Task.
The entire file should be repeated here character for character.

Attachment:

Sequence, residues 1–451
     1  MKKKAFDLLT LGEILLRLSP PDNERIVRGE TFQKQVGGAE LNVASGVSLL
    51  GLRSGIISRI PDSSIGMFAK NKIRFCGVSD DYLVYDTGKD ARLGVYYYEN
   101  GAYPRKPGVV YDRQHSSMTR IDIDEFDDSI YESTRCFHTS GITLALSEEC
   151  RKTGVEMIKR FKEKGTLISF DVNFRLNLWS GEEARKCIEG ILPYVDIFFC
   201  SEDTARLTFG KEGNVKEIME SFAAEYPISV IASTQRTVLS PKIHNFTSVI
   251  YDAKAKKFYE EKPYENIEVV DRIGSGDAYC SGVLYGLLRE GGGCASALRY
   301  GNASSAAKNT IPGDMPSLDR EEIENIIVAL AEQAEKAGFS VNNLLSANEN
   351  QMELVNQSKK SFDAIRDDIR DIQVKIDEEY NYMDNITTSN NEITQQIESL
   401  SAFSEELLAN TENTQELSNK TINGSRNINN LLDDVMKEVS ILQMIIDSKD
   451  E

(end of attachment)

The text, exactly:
Sequence, residues 1–451
     1  MKKKAFDLLT LGEILLRLSP PDNERIVRGE TFQKQVGGAE LNVASGVSLL
    51  GLRSGIISRI PDSSIGMFAK NKIRFCGVSD DYLVYDTGKD ARLGVYYYEN
   101  GAYPRKPGVV YDRQHSSMTR IDIDEFDDSI YESTRCFHTS GITLALSEEC
   151  RKTGVEMIKR FKEKGTLISF DVNFRLNLWS GEEARKCIEG ILPYVDIFFC
   201  SEDTARLTFG KEGNVKEIME SFAAEYPISV IASTQRTVLS PKIHNFTSVI
   251  YDAKAKKFYE EKPYENIEVV DRIGSGDAYC SGVLYGLLRE GGGCASALRY
   301  GNASSAAKNT IPGDMPSLDR EEIENIIVAL AEQAEKAGFS VNNLLSANEN
   351  QMELVNQSKK SFDAIRDDIR DIQVKIDEEY NYMDNITTSN NEITQQIESL
   401  SAFSEELLAN TENTQELSNK TINGSRNINN LLDDVMKEVS ILQMIIDSKD
   451  E